The wise me traveled and came to the ruler of Judea, Herod the King.  They asked, “Where is he who has been born King of the Jews?” (Matthew 2:2)  Of course, this led to trouble with Herod; but the point is that Jesus birth was no accident, nor was the arrival of this “King of the Jews.”  He was the fulfillment of God’s promises from the beginning of time.

Promised King (2 Samuel 7)


To understand that expectation, let’s back up and look at its roots. The point I want to make here is that the birth of God’s Messiah as “King” was promised ahead of time.  One approach to Jesus is to believe that he was an ordinary man (and baby) who God blessed in a special way and set apart.  But that is not the biblical story.  From the beginning of time God planned to send His Son into the world to make a way for us to be restored to relationship with God.  From the earliest parts of scripture, in the stories and promises of God’s people, and even as far as these foreign wise men, God’s promise was known.  This promise was implicit in the curse and promise in the Garden.  The promise was there in the covenant with Abraham and explicitly so in the covenant with David.  The Old Testament prophets looked forward to the King’s coming.

Sent King (Matthew 21)


From this account of the beginning of Jesus’ earthly life, let’s jump to Matthew 21 to the end of Jesus’ earthly life.  This is the great Palm Sunday text, where the people welcome Jesus with shouts of “Hosanna!”  When Jesus sends the disciples to find a donkey, he quotes the prophet Isaiah, “Behold your King is coming to you…” (v. 5).  And indeed, the crowds went on to welcome Jesus into Jerusalem as a King and hero, shouting for him to save them.  The people were waiting for a Savior-King, and thought Jesus might just be that one who would set them free from the oppression and rule of the Roman army.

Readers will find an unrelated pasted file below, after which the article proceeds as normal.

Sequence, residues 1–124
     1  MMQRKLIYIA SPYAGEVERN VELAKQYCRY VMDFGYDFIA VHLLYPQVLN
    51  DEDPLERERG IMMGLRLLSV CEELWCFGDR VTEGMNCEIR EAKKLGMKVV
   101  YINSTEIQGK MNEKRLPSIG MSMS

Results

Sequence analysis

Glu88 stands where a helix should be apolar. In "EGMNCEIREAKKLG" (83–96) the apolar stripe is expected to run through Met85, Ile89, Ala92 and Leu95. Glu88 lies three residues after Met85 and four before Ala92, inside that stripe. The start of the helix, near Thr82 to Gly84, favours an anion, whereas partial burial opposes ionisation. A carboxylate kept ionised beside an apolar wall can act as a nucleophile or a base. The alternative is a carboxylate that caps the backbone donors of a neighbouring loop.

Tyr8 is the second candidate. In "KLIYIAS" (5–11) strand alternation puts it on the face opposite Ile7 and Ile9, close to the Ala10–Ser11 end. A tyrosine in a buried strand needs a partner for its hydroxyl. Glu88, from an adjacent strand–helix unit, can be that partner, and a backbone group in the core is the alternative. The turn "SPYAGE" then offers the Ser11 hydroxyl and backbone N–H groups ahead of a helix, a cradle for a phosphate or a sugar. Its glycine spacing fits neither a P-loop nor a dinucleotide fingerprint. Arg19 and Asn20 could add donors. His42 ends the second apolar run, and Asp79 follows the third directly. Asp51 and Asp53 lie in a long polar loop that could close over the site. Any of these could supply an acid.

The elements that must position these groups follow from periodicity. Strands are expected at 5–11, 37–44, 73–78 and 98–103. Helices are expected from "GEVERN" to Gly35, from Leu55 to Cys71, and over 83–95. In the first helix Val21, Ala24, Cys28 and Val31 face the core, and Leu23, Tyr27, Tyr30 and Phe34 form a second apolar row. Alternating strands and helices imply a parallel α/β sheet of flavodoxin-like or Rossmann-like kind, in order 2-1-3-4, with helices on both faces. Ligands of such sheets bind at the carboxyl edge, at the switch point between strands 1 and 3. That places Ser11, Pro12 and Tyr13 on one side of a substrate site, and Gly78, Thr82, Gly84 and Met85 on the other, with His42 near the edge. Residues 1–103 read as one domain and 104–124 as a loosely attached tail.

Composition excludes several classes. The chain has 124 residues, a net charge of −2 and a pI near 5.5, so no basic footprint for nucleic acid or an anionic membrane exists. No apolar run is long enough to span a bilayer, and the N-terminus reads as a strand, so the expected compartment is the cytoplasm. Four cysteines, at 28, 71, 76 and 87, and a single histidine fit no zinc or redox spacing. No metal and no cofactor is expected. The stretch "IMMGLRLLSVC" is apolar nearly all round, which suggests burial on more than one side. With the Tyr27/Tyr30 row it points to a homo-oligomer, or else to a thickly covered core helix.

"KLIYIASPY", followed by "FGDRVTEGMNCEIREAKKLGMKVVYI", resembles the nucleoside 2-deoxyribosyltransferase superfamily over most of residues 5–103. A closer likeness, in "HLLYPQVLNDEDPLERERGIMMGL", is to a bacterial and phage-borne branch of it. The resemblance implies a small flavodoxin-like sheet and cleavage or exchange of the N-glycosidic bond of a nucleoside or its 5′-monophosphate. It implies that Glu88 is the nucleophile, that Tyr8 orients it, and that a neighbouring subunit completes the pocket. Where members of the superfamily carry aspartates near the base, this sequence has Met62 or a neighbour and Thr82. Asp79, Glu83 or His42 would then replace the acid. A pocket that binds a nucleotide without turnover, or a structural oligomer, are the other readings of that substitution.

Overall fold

We’ve talked about Palm Sunday before – how the expectations and dreams of a Savior-King were close, but missed the reality of who Jesus was.  People were looking for a political Savior rather than a personal and spiritual Savior.  Nonetheless, this does not take away from the “sentness” of Jesus as the Savior and King promised and sent from God.

The King who Suffered (Matthew 27)


Fast forward just five days in the life of Jesus and you reach the scene in Matthew 27.  There, he is being tortured and crucified, but not before being mocked with purple robes and a crown of thorns as the “King of the Jews.”  This description, which had been with him all his life, was affixed over his head on a sign on the cross.

A while back, we made much of Jesus, the Great High Priest, who suffered and was tempted in every way as we have been, but who did not sin.  Likewise, Jesus our King, suffered and was taken captive and defeated before, as Ephesians 4 describes, he took captivity captive and released us all from our chains.  If you have never seen or read the great depiction of this scene in C.S. Lewis’ masterpiece, The Lion, the Witch, and the Wardrobe, it is well worth doing!